26. The resampling circuit of claim 24 wherein the sample values comprise red, blue and green color components.
27. The resampling circuit of claim 24, further adapted to calculate first, second, and third sample slopes, approximate first and second sample gradients, and solve coefficients of the transition model along two orthogonal axes to determine the output sample value.
28. A resampling circuit adapted to receive signals representing respective sample values for a previous sample, first and second adjacent samples, and a subsequent sample, the resampling circuit calculating a first sample slope from the sample values of the previous and first pixels, calculating a second sample slope from the sample value of the subsequent and second sample, calculating a third sample slope from the sample values of the first and second sample, determining whether the first and third slopes have opposite polarities and whether the second and third slopes have opposite polarities, and approximating a first sample gradient at the first sample as being equal to the first slope where the polarities of the third slope and the first slope are opposite, and approximating a second sample gradient at the second sample as being equal to the second slope where the polarities of the third slope and the second slope are opposite, solving coefficients for a cubic polynomial transition model between the first and second adjacent samples from the sample values of the first and second samples and the approximations of the first and second sample gradients, and determining an output sample value from the cubic model to render a resampled destination image.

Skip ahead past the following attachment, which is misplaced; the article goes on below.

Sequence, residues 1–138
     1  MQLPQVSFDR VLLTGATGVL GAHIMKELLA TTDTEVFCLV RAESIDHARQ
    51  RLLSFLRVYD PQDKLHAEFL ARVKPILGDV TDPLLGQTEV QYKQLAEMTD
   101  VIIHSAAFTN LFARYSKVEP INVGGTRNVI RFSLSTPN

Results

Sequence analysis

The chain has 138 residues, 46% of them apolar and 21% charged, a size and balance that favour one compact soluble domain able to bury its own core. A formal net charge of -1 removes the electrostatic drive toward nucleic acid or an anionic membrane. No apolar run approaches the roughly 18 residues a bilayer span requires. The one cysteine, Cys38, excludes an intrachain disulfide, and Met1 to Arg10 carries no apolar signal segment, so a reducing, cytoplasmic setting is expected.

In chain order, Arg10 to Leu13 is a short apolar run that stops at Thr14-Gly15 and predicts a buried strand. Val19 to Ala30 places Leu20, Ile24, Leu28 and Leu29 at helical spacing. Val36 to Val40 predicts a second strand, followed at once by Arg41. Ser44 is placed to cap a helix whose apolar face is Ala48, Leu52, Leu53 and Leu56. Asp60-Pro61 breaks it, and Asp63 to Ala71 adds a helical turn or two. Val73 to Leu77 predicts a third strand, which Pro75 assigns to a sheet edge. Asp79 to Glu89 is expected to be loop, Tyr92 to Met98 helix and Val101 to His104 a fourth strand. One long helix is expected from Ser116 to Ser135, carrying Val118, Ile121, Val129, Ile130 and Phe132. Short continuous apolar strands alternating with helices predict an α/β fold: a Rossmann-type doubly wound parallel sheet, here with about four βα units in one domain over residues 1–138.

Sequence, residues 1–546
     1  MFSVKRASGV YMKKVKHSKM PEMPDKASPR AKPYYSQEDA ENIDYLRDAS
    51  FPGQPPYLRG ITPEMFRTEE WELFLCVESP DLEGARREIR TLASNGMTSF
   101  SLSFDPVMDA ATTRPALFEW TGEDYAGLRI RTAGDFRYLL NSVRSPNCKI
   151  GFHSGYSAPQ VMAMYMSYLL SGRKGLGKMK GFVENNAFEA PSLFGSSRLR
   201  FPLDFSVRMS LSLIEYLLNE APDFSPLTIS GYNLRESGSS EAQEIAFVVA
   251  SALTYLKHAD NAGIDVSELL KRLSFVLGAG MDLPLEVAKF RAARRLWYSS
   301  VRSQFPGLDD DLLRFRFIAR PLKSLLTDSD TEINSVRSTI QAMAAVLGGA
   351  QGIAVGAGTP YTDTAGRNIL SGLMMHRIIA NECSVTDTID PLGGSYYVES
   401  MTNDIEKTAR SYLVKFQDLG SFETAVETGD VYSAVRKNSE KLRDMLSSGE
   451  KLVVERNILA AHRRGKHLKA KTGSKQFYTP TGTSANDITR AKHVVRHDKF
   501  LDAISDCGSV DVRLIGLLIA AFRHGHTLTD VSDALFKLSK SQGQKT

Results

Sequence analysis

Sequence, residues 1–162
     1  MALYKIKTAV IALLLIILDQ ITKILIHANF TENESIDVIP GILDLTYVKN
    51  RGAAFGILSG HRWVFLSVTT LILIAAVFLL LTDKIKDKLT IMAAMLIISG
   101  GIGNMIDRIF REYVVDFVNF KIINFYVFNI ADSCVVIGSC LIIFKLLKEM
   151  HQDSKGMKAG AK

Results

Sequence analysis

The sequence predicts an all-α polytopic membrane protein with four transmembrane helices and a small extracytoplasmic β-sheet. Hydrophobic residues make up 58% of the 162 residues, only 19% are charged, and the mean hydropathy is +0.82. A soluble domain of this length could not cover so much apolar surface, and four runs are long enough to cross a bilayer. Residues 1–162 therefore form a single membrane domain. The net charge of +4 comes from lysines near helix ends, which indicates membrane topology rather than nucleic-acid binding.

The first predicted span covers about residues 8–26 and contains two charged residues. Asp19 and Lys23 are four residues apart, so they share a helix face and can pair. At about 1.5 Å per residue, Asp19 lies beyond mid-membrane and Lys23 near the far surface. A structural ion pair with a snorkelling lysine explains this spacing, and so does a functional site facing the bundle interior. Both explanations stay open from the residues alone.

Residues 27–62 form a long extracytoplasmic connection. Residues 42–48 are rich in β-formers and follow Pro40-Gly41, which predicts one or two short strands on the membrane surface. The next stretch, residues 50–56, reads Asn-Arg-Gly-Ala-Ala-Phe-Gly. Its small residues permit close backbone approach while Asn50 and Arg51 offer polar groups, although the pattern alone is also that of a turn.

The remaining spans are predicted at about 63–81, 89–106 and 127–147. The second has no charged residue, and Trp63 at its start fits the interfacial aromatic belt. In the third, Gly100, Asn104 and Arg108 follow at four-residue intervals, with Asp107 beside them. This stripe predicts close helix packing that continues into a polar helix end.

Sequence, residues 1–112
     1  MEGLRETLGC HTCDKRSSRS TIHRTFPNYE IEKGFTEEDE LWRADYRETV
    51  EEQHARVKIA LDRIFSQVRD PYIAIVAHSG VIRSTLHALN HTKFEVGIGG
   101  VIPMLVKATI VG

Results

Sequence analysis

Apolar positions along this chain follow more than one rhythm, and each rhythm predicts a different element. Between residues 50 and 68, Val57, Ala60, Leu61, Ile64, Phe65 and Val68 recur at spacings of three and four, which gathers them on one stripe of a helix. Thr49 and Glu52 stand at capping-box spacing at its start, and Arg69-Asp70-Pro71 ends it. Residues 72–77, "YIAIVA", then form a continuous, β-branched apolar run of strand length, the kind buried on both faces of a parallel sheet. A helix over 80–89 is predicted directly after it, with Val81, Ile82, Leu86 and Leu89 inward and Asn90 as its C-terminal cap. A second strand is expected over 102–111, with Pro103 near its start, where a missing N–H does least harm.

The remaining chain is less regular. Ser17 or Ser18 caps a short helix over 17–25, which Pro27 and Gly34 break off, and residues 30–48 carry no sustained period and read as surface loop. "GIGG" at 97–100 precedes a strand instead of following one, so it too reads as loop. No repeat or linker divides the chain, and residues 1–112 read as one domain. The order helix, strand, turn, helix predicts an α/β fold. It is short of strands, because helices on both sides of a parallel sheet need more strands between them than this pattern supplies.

29. The resampling circuit of claim 28 wherein the sample values comprise red, blue and green color components.
30. The resampling circuit of claim 28, further adapted to calculate first, second, and third sample slopes, approximate first and second sample gradients, and solve coefficients of the transition model along two orthogonal axes to determine the output sample value.
31. A graphics processing system, comprising:
a bus interface for coupling to a system bus;
a graphics processor coupled to the bus interface to process graphics data;
address and data busses coupled to the graphics processor to transfer address and graphics data to and from the graphics processor;
display logic coupled to the data bus to drive a display; and
a resampling circuit coupled to the graphics processor and the display logic and adapted to receive signals representing respective sample values for a previous sample, first and second adjacent samples, and a subsequent sample, the resampling circuit calculating a first sample slope from the sample values of the previous and first pixels, calculating a second sample slope from the sample value of the subsequent and second sample, determining whether the first and second slopes have opposite polarities, and where the polarities are opposite, approximating first and second sample gradients at the first and second samples as being equal to the first and second sample slopes respectively, otherwise approximating the first and second sample gradients as being equal to twice the first and second color slopes, respectively, solving coefficients for a cubic polynomial transition model between the first and second adjacent samples from the sample values of the first and second samples and the approximations of the first and second sample gradients, and determining an output sample value from the cubic model to render a resampled destination image.